When it comes to how Washington has reacted to the debt crisis we face, pundits have talked about the “small ball” approach, where Congress and the president act at the 11th hour of a fiscal crisis by passing legislation that simply pushes the crisis off for a few more weeks or months at best. That’s a generous description of what has happened in Washington—“no balls” would be more like it. And no approach better represents the no-balls mentality than those on both sides of the aisle who say we should simply let sequestration occur.
Sequestration was intended to be so draconian and mindlessly senseless that it would force parties on both sides of the aisle to act to avoid it occurring. Allowing it to occur is tantamount to abdicating the responsibility to make tough choices and set priorities. The sequester cuts muscle and fat equally, disproportionately impacts discretionary programs for national security and investments in the future, and makes disruptive cuts now while the economy is still weak while doing very little to reduce the long-term growth in the debt.
It is time for our leaders in Washington to go big.
The facts are not in dispute, and they aren’t pretty. Our nation’s budget is on a fiscally unsustainable course, with debt growing faster than our economy and spending on entitlements and interest on the debt crowding out all other priorities. The fiscal-cliff deal and other recent deficit reduction efforts did nothing to change that fundamental trajectory—and neither will simply allowing sequestration to occur.
We need a comprehensive approach to achieve the amount of savings and fundamental reforms that are necessary to put our budget on a fiscally sustainable course and establish a strong foundation for economic growth.
The good news is that we can act, and there is way forward. Republican Main Street Partnership, the centrist organization that I now head, released a white paper (PDF) this month outlining a potential path forward, based on several different bipartisan deficit reduction plans, including the Simpson-Bowles commission. While there were differences in details, there were several common elements in all of these plans, which should be a part of the way forward for Washington.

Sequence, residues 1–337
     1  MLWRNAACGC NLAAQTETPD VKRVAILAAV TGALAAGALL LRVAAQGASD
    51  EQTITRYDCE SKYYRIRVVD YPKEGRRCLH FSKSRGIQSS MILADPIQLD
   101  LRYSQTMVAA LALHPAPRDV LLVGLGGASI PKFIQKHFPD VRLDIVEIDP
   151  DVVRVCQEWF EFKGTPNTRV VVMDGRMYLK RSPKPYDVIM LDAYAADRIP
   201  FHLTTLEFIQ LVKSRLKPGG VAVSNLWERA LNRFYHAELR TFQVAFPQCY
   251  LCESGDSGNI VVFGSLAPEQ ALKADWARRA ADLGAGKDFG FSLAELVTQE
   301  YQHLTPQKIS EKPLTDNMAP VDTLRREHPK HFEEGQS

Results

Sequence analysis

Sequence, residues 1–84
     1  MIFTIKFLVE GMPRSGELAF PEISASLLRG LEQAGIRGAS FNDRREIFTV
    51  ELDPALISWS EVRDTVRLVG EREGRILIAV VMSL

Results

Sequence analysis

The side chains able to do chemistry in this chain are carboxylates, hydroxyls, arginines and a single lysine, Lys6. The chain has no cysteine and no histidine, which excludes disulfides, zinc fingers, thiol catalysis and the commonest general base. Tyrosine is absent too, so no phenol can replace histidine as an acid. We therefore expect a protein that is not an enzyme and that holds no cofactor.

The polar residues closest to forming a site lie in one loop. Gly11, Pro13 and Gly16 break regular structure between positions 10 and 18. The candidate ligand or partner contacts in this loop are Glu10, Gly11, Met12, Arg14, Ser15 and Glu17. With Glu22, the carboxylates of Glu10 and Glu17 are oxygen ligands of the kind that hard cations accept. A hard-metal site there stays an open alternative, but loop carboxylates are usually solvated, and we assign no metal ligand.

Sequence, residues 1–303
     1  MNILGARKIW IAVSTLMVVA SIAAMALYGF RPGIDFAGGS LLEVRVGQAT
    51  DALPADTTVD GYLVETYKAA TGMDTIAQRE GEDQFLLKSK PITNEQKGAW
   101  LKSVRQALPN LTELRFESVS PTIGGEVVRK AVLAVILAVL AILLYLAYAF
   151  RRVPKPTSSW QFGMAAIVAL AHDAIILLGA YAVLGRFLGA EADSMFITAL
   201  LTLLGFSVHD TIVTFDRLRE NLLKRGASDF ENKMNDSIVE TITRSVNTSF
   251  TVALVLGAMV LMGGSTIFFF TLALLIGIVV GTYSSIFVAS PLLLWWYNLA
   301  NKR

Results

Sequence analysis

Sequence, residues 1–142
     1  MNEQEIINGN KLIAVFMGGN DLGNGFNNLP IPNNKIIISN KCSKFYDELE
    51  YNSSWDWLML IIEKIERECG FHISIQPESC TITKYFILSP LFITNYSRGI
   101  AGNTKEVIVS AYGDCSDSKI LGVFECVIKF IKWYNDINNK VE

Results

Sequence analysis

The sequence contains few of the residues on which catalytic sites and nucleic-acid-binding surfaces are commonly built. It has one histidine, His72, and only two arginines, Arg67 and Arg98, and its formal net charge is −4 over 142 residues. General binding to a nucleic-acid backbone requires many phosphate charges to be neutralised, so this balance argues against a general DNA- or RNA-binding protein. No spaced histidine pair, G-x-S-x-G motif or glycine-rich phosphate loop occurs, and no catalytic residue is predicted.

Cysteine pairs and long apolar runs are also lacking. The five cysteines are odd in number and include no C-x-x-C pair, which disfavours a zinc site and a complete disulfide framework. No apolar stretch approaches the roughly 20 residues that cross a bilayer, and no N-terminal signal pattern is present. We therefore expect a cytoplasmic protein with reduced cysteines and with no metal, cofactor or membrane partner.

Discretionary Spending Cuts
House Democratic leader Nancy Pelosi recently said that we don’t have a spending problem in Washington. She is dead wrong, and any plan to address the debt must have significant spending cuts as part of it. Spending cuts need not be achieved through mindless sequestration, indeed spending cuts should be done smartly—with an eye always toward cuts that will help grow, rather than shrink, our economy.
Debt reduction that focuses only on discretionary spending and taxes but ignores entitlements is the proverbial two-legged stool. No matter how hard you try, cutting discretionary spending and increasing taxes will never be enough to deal with our debt crisis.
We need entitlement reform that focuses on making these programs financially sound and restrains their long-term growth. Without meaningful entitlement reform, any increase in revenue through higher taxes will simply be eaten up by future entitlement growth.
In particular, we need to control the long-term growth of health-care costs covered by Medicare and Medicaid. We need structural reforms that encourage efficient and effective delivery of care. Social Security should also be reformed to ensure it is strong for future generations.
Additional revenues need to be part of a comprehensive plan, but we need to be honest—we can’t tax our way out of this hole. We need additional revenue that comes from fundamental tax reforms. While it might not fit on a bumper sticker the same way “soak the rich” might, the truth is that we need tax reform that will not only raise revenue, but that also lowers rates, broadens the base, and simplifies the tax code. Such reforms will not only raise revenue, but also increase American competitiveness in the global marketplace and create jobs.
The savings achieved through this combination of spending cuts, tax reform, and entitlement reform must be large enough to not just stabilize the debt—as some have argued—but to put it on a clear downward path. We can not simply do enough to keep debt hovering at the dangerously high level it is at. By doing so we leave ourselves no room for error and no room to respond to unforseen emergencies that we may be forced to confront. Instead the savings achieved must be large enough to actually put the debt on a path where it actually decreases as a percentage of GDP.
Washington can and should do better than simply sitting back and doing nothing—allowing what was once the unthinkable (sequestration) to occur simply because they lack the courage to do something about it. It is time for our elected officials in Washington to do their job, work together, and compromise.